A couple enjoys the sunny weather at 2Hawk Vineyard and Winery in Medford. ##Photo courtesy of 2Hawk Vineyard

Out(side) You Go!

Tasting rooms prepare for summer

By Paul Omundson

As COVID-19 vaccines increase, so do plans for summer wine tasting.

“This really opens the door to a lot of things,” said Alex Sokol Blosser, president of the Oregon Winegrowers’ Association. Delay in vaccine availability and bottlenecks remained a growing frustration. Last month, the vaccination process accelerated just in time for this crucial tourism season. 

“There’s definitely a lot of optimism,” he continued. “Now, instead of dealing with getting vaccinations, everyone’s goal is hiring for the outdoor season.” It’s a welcome change of direction for an industry dealing with virus-related shutdowns and limited restarts for more than a year. 

Where are the workers?

But re-starting includes its own issues: “We found [at Sokol Blosser Winery] it was a lot easier to pull the plug and shut everything down last year than it is to get up and running again,” he said. “The challenge for all of us [owners] is that we’re needing to hire right now. Everyone’s bulking up at the same time.”

Sokol Blosser mentioned other factors contributing to worker scarcity. “There are still a number of schools not back in session, but as more open it will free up a lot of individuals who don’t have the ability to get child care or pay for it,” he explained. Another issue is hesitancy of some workers to return while the pandemic continues. “That’s why I think getting vaccinations is such a big deal,” he said. “If enough people are vaccinated, this will take care of itself.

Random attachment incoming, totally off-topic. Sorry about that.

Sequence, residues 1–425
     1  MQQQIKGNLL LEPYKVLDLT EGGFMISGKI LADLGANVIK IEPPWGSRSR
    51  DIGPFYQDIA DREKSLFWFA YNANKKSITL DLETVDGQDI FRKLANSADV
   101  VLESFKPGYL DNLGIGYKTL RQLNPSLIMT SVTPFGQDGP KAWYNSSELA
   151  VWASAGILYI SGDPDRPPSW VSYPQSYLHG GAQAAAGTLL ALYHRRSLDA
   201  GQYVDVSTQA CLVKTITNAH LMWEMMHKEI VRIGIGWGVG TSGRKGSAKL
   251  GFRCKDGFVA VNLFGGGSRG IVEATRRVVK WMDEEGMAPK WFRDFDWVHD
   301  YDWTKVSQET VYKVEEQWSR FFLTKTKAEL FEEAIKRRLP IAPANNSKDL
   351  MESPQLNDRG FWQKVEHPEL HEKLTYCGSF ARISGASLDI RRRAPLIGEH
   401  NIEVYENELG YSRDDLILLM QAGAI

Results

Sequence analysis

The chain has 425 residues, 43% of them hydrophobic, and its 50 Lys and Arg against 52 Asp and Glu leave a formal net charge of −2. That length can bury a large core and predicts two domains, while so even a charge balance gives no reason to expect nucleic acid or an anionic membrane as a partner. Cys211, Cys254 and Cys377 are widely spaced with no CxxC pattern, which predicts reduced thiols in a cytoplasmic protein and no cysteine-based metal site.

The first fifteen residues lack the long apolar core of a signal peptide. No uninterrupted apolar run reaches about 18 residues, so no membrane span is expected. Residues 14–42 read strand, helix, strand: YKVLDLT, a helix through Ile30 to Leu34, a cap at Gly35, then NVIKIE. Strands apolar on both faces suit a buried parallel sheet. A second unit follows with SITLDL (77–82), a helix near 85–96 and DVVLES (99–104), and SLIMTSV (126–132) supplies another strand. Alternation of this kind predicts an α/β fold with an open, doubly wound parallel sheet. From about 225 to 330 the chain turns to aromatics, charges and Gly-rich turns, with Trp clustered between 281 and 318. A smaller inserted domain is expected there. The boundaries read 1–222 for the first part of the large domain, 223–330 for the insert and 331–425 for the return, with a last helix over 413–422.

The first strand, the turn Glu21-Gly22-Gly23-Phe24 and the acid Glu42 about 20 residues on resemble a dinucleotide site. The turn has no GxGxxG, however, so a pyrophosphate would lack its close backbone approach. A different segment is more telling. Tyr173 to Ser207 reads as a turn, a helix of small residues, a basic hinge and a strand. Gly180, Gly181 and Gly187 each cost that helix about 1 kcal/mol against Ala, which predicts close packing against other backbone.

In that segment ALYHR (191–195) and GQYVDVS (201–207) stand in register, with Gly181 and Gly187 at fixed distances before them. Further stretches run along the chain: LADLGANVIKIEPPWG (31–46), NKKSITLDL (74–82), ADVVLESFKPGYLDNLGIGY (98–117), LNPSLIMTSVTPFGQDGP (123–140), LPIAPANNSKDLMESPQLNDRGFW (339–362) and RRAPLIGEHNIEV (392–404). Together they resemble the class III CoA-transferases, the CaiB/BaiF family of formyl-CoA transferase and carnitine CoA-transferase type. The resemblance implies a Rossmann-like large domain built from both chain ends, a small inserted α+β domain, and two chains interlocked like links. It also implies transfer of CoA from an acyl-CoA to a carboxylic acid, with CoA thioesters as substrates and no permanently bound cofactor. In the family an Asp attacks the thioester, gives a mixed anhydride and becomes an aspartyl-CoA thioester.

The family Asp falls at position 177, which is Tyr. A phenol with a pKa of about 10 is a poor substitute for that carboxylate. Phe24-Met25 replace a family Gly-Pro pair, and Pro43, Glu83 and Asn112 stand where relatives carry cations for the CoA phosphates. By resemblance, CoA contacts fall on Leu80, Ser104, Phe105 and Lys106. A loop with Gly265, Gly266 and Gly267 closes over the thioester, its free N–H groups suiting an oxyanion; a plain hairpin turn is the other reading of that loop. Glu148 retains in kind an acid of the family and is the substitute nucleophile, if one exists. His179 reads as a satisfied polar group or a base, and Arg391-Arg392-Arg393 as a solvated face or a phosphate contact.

“At Sokol Blosser, we’re open five days a week, but if we could hire a full crew, we’d be open seven days a week,” he noted. “We have so many plans and ideas for summer events but not enough people to staff them.”

Pandemic still lurks

There’s real hope restrictions can be eased during the summer months. And there’s a chance the threat of new contagious variants of virus strains lessen as more people receive vaccinations. But COVID-19 is not over yet. Here are current limitations at tasting rooms and restaurants:

• Indoor dining is allowed but cannot exceed 50% of maximum capacity, or lower, depending on individual county risk level.

• Outdoor dining is allowed but must not exceed 300 people.

• No more than eight people can be seated per table both indoors and outdoors.

• Doors must close no later than midnight.

• Masks are still required upon entry, but they can be removed at seating. Servers will continue to be masked and at least six feet away.

Going for it

With pandemic risks still possible, a robust summer wine season is no certainty. But Sokol Blosser underscored a prevailing spirit in Oregon winemakers when he emphasized, “Look, we make our decisions based on hope, not fear.” After a muted 2020 summer, he and his colleagues want to go all out.

Here’s a regional look, south to north.

Craig Camp, general manager of Troon Vineyard and president of the Applegate Valley Vintners Association, already notices an increase in California license plates at his and the other 19 vineyards and wineries making up the Applegate Valley Wine Trail, approximately 30 miles north of the state border. “Last summer was actually successful for us, and this year looks even bigger,” Camp said. “Everything is designed to be outside here, so it’s no big burden to emphasize outdoor options.”

Camp believes many in the new visitor surge are “people who used to go to Napa and Sonoma but find it to be more authentic here.”